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Berkeley Co. Council hears from Hedgesville residents

September 05, 2013|By RICHARD F. BELISLE | richardb@herald-mail.com

HEDGESVILLE, W.Va. — More than 70 people crowded into the Hedgesville fire hall Thursday night to air concerns about making churches pay fire service fees, about how homeowners associations can enforce covenants and the need for more police and emergency services in The Woods development.

The gathering was a town hall meeting of the Berkeley County Council.

Harriet Kopp, a member of the Gerrardstown Presbyterian Church, said she objects to the April 12, 2012, county council vote to amend the county’s 27-year-old fire service fee to include churches.

Kopp said the fees, based on square footage, could force small churches with limited budgets to close or force others to choose between paying fire fees or supporting a charity.

She argued that because of their tax-exempt status, there are no county assessment records of church buildings. “In researching and sharing my concerns with other churches, I have found that square footages were incorrect and buildings (were) incorrectly identified as church property."

Some of Kopp’s concerns were answered in a June 25 letter to her from Greg Rhoe, chairman of the Berkeley County Fire Board.

In his letter, Rhoe explained to Kopp that the Berkeley County Planning Department had little information on church properties which did not need building permits until the 1990s.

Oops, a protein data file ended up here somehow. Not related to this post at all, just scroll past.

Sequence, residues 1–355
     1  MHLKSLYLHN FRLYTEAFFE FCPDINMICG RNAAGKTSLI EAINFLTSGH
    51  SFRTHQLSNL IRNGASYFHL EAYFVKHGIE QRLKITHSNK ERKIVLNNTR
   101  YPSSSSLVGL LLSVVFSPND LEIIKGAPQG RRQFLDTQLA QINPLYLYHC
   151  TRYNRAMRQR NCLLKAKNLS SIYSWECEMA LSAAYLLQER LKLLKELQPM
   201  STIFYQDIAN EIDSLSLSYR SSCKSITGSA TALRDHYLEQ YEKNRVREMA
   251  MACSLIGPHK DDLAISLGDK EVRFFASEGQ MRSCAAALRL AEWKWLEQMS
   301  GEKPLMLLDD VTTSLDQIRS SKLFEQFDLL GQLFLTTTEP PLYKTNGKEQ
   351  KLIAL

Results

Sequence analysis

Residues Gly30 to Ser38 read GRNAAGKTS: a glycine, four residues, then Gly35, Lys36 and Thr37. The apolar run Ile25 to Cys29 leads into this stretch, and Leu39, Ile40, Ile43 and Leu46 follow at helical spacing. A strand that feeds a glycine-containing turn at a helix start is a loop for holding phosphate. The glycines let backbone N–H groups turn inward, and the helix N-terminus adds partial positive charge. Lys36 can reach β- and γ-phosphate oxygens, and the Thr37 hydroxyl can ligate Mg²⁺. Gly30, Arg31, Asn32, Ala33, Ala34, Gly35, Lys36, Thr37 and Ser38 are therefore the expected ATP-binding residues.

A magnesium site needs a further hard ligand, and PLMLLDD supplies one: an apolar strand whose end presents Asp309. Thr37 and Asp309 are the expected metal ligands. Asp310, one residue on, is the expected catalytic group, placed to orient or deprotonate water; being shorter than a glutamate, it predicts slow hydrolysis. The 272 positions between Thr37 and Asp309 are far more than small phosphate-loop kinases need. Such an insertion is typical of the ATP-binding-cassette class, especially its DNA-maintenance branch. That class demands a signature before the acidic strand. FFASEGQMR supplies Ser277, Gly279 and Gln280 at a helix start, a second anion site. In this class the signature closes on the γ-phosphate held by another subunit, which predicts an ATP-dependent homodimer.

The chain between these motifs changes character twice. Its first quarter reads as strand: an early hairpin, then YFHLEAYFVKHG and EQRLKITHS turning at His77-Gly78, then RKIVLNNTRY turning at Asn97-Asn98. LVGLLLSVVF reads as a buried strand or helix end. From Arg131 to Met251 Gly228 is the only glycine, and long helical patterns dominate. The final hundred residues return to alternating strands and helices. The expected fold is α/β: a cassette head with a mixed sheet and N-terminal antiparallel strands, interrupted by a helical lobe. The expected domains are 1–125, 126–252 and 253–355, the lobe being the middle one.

“The fire board used the best information available knowing there would be a need for corrections,” Rhoe said in the letter. The City of Martinsburg’s fire fees have always included churches, he said.

Kopp asked the council to clarify the difference between a fee and tax; to justify the constitutionality of the fee; describe how it will be implemented; explain why the county is the first to charge churches and why the county can’t pay for fire service costs out of general revenue funds.

Council President Anthony Petrucci said Kopp would have answers in a week.

Robert E. Ayer, a member of the Spring Mills Homeowners Association, spoke for members of several associations in the audience. He sought advice on how associations could add legal weight to their covenants to force owners and absentee landlords to maintain their properties.

George Tenley spoke for residents of The Woods, a 2,000-acre, 1,243-home development west of Hedgesville.

He said the residents are primarily retirees. “Access to emergency services is especially critical to our aging residents. We remain dependent on Berkeley County to provide emergency police and fire services including ambulance and EMT services.”

Several emergency services officials present said the county is working on beefing up services in that area.

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